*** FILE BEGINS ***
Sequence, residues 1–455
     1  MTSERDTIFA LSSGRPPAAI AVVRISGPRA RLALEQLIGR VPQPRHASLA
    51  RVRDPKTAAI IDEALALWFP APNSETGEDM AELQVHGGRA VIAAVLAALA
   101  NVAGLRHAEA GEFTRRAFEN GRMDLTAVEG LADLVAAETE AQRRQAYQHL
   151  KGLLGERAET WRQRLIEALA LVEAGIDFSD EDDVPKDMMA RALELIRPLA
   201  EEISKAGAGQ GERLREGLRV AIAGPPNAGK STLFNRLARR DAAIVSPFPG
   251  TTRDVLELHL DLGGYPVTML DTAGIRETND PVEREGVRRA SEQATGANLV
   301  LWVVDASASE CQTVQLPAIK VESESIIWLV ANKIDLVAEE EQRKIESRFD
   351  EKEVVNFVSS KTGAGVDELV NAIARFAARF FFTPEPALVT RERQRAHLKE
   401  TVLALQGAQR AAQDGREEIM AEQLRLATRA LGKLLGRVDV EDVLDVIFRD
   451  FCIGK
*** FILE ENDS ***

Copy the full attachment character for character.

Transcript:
Sequence, residues 1–455
     1  MTSERDTIFA LSSGRPPAAI AVVRISGPRA RLALEQLIGR VPQPRHASLA
    51  RVRDPKTAAI IDEALALWFP APNSETGEDM AELQVHGGRA VIAAVLAALA
   101  NVAGLRHAEA GEFTRRAFEN GRMDLTAVEG LADLVAAETE AQRRQAYQHL
   151  KGLLGERAET WRQRLIEALA LVEAGIDFSD EDDVPKDMMA RALELIRPLA
   201  EEISKAGAGQ GERLREGLRV AIAGPPNAGK STLFNRLARR DAAIVSPFPG
   251  TTRDVLELHL DLGGYPVTML DTAGIRETND PVEREGVRRA SEQATGANLV
   301  LWVVDASASE CQTVQLPAIK VESESIIWLV ANKIDLVAEE EQRKIESRFD
   351  EKEVVNFVSS KTGAGVDELV NAIARFAARF FFTPEPALVT RERQRAHLKE
   401  TVLALQGAQR AAQDGREEIM AEQLRLATRA LGKLLGRVDV EDVLDVIFRD
   451  FCIGK